Filibuster or not? GOP slow-walks Hagel nomination

By By ANDREW TAYLOR

WASHINGTON (AP) — Immediately after blocking Chuck Hagel's nomination to be secretary of defense, top Republicans took to the Senate floor to claim that, no, they were not filibustering. They just need more time.

A filibuster occurs when a minority of the Senate declines to vote to invoke what's called "cloture," which sets a deadline to complete debate on a nomination or a bill and forces an up or down vote. It takes 60 votes in the 100-member Senate to obtain cloture.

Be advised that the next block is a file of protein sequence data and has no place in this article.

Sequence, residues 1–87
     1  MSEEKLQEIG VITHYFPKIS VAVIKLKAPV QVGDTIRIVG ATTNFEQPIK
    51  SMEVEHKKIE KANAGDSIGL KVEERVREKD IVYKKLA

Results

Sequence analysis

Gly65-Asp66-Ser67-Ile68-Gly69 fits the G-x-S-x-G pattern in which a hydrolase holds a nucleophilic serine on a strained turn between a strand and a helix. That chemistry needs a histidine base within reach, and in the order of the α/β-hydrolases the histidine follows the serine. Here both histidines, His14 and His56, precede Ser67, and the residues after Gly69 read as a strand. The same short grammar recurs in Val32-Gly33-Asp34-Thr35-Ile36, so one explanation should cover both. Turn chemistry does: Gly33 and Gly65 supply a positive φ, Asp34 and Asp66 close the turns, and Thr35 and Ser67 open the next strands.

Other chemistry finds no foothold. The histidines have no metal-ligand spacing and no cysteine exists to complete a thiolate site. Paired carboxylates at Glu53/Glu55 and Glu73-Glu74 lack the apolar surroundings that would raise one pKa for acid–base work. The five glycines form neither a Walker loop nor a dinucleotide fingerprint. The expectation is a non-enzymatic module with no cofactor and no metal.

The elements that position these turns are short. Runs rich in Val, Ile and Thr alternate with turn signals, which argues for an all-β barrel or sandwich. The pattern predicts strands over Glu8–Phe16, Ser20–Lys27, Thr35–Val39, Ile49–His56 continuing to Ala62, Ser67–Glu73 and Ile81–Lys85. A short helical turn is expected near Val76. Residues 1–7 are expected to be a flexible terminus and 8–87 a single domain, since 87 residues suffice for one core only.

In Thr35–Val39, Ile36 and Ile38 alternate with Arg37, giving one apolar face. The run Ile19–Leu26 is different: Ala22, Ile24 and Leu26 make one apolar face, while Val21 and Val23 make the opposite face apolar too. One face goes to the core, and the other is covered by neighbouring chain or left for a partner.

But to Democrats, Thursday's vote to deny cloture on Hagel's nomination was a historic, first-ever successful filibuster of a Cabinet nominee and the first time the party in the Senate's minority ever had even tried the move against a defense secretary nominee.

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